Working in ‘The Most Dangerous City on Earth’

February 14, 2020 • Middle East
Sami Dagher (center) connects Franklin Graham (right) to opportunities for Samaritan's Purse to serve during the Lebanese Civil War.
Sami Dagher (center) connects Franklin Graham (right) to opportunities for Samaritan's Purse to serve during the Lebanese Civil War.

1982: Samaritan's Purse works in Beirut in the midst of war.

At the height of the Lebanese Civil War, Franklin Graham made four trips to Beirut—which was described as “the most dangerous city on Earth”—to work with a fearless young pastor named Sami Dagher. This was at a time that Israel was fighting the terrorist Palestinian Liberation Organization in southern Lebanon. Sami led a team into a Muslim refugee camp to deliver food and medical care feed provided by Samaritan’s Purse, caring for desperate families in the Name of Jesus Christ.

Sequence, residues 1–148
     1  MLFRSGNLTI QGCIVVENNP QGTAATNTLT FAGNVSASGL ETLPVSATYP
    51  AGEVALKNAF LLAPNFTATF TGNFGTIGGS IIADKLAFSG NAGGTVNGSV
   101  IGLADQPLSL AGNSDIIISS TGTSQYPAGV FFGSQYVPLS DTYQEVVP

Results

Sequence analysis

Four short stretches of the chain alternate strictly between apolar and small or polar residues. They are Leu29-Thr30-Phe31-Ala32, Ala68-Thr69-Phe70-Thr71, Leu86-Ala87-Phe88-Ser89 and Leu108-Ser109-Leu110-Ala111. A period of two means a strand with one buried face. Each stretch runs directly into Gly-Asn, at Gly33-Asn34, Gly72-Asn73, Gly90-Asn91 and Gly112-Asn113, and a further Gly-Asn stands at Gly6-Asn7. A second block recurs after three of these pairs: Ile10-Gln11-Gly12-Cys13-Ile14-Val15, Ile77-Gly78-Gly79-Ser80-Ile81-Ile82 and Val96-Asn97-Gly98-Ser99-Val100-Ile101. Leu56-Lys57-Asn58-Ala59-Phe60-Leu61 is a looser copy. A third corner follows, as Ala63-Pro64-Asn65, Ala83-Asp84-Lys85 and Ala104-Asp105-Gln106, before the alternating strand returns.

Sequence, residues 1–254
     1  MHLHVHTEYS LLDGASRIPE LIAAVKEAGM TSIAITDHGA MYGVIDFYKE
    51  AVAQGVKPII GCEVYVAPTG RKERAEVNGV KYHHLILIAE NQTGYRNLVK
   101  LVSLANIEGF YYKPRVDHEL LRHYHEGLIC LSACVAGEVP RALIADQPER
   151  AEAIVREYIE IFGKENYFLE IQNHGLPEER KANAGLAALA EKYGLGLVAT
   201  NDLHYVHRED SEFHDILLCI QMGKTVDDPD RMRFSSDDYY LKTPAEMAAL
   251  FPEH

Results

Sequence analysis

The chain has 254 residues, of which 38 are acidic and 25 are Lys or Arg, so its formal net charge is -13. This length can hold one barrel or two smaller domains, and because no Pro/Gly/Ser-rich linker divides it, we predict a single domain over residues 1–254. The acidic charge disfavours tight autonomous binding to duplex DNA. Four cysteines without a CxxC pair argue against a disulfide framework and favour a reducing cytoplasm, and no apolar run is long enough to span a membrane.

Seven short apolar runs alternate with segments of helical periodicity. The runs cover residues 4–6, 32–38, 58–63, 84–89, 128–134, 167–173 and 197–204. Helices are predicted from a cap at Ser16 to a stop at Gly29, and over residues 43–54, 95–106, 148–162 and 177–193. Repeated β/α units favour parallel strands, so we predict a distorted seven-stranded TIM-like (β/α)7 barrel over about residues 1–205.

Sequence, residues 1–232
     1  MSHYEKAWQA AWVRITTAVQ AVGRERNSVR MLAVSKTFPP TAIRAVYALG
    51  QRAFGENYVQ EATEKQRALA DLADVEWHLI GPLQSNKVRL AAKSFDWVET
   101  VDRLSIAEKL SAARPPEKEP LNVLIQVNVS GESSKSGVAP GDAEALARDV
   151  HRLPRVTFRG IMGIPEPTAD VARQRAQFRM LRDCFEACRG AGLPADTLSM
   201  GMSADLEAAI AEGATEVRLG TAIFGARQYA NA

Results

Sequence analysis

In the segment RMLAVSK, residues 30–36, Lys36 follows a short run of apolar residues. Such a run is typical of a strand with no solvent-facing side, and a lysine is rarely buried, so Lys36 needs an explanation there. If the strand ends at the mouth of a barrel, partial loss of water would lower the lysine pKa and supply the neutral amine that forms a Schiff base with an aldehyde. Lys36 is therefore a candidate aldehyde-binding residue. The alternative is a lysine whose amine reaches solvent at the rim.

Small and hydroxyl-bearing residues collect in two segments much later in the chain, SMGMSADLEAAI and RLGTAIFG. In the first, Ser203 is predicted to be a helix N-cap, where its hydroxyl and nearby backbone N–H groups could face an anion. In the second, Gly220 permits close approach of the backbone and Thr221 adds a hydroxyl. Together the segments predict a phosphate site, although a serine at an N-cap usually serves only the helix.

Graham had met Dagher several years earlier and had introduced him to Bob Pierce. Sami founded the Christian Alliance Institute of Theology in Beirut, which has sent pastors throughout the Middle East and even sent teachers to a Bible school built by Samaritan’s Purse to train pastors in the Arabic-speaking Nuba Mountains of Sudan. After the first Gulf War, Sami also established an evangelical church in Baghdad, the capital of Iraq. To this day, Sami is a vital partner in many of our projects in the Middle East.

Sami Dagher and Franklin Graham survey damage from the war.

Sami Dagher and Franklin Graham survey damage from the war.

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